ambiguity

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am·bi·gu·i·ty

(am'bi-gyū'ĭ-tē),
Condition of being ambiguous; uncertainty.

am·bi·gu·i·ty

(am'bi-gyū'i-tē)
Condition of being ambiguous; uncertainty.
References in periodicals archive ?
However, this would be 'a scientific study on the scope and limits of various types of explicated ambiguities in international finance.
Perhaps the governor can use his sheer force of will to make sure the leeches and middlemen who ply the ambiguities and loopholes will somehow get shut out.
In his essay on Jefferson, he studies the contradictions and ambiguities of this complex man.
But whereas they see this tendency as an undiluted and indisputable good, Bacevich, as a soldier, is strongly alive to its moral ambiguities and the savage realities of warfare.
In assigning responsibility for the risks created by contract ambiguities, it may be appropriate to modify the rule of law to consider the parties' respective equities.
A number of basic ambiguities run through the discourses and practices that Toepfer presents.
Because it is comprehensive in scope and specific in detail, it can eliminate the ambiguities that exist in most partnerships.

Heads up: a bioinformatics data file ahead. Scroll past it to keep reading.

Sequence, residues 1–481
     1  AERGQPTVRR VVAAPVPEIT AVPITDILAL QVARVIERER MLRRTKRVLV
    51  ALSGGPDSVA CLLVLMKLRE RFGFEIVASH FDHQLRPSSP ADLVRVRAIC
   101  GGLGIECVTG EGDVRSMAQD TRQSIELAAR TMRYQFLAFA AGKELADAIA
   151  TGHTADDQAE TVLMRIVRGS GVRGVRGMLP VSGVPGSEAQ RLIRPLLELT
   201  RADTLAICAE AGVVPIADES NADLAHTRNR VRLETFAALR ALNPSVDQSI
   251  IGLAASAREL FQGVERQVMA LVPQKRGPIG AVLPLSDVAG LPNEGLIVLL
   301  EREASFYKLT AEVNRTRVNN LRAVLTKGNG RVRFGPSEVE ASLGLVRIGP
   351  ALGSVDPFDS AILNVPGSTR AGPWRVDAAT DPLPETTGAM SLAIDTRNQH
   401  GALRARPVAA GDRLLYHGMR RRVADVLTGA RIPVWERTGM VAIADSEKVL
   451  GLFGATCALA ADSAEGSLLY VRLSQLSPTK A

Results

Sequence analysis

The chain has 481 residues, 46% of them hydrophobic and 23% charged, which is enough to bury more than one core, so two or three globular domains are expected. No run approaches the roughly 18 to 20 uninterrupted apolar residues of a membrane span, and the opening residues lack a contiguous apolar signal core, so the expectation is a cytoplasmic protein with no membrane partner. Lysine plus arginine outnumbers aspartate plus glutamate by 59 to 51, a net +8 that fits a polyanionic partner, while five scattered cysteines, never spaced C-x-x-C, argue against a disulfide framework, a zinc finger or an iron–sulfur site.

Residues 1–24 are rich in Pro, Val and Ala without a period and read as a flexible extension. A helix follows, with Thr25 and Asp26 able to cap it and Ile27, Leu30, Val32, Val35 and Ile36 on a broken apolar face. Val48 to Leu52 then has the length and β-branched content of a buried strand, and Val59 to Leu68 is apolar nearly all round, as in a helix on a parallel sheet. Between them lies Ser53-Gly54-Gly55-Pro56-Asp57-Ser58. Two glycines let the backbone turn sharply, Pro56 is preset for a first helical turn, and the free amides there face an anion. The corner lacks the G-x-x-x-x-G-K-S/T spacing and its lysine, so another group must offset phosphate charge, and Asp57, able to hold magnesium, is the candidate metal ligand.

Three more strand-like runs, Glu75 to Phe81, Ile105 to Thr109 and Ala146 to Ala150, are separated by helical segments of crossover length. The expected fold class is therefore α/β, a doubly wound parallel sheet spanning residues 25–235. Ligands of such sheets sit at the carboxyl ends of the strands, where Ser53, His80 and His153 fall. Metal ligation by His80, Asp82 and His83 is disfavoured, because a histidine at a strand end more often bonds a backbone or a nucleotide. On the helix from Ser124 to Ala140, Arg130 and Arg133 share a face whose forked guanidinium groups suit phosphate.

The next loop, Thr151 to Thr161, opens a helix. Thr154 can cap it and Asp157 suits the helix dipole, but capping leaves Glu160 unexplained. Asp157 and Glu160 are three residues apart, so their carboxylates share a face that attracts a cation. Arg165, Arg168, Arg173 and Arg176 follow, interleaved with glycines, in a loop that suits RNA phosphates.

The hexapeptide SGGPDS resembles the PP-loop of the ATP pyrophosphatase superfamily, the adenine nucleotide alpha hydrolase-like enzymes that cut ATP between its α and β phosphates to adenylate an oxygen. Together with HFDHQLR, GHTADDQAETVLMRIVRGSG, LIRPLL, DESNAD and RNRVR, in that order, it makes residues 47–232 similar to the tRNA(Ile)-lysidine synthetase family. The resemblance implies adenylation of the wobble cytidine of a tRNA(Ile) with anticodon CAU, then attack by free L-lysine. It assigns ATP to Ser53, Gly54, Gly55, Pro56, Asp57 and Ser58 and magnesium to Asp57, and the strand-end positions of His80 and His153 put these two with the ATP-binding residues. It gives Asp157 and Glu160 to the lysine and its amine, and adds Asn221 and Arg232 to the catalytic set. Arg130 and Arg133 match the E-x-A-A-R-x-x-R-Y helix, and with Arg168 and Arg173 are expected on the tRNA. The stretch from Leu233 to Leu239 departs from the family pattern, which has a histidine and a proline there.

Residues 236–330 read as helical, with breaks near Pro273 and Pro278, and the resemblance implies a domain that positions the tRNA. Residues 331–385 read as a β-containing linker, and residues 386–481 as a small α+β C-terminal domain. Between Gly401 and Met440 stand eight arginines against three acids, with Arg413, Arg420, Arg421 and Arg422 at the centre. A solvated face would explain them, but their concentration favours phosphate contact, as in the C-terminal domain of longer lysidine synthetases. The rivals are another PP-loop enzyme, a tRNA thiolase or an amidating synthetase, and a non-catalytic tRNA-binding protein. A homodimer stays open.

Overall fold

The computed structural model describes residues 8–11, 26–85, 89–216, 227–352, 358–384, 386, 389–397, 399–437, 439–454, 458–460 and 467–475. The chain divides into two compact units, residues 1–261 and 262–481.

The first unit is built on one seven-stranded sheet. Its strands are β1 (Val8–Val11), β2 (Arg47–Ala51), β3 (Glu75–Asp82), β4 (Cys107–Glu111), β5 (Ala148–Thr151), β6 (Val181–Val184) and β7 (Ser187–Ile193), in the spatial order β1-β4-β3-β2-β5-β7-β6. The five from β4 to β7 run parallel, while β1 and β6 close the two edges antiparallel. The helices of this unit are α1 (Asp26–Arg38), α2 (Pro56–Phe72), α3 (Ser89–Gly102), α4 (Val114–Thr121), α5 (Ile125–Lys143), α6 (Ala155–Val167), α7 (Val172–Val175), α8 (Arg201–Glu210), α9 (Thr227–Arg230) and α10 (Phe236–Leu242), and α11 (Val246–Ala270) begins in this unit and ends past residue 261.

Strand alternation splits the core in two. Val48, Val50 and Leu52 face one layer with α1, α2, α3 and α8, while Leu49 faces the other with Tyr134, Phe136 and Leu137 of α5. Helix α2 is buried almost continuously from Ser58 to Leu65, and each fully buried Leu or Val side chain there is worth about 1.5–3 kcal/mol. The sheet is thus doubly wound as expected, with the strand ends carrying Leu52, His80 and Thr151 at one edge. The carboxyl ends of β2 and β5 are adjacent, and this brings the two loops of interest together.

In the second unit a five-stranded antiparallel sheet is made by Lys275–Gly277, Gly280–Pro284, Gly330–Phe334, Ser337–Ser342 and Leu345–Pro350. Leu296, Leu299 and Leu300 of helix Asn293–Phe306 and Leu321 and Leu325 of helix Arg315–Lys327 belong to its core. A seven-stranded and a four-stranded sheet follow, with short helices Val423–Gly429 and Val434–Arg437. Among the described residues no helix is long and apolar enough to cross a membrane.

It is a difficult matter precisely because of the ambiguities of the issue.
Against this backdrop, Maxwell's juxtaposition of the Scottsboro writings of Langston Hughes and Louise Thompson provides a sharp critique of the gender politics of the Communist Party, particularly its tendency to masculinize its vision of interracial solidarity, and raises provocative questions about the ambiguities and contradictions of its rhetoric.
You learn to live with ambiguities and yet you go ahead and make choices.
The ambiguities of desire are infinitely more interesting than nice, moral passages.
Though my story is not without its ambiguities (after all, as a free agent, I did study under Bernard McGinn, Anne Carr, and David Tracy - three Roman Catholic scholars), I tell it to make two points.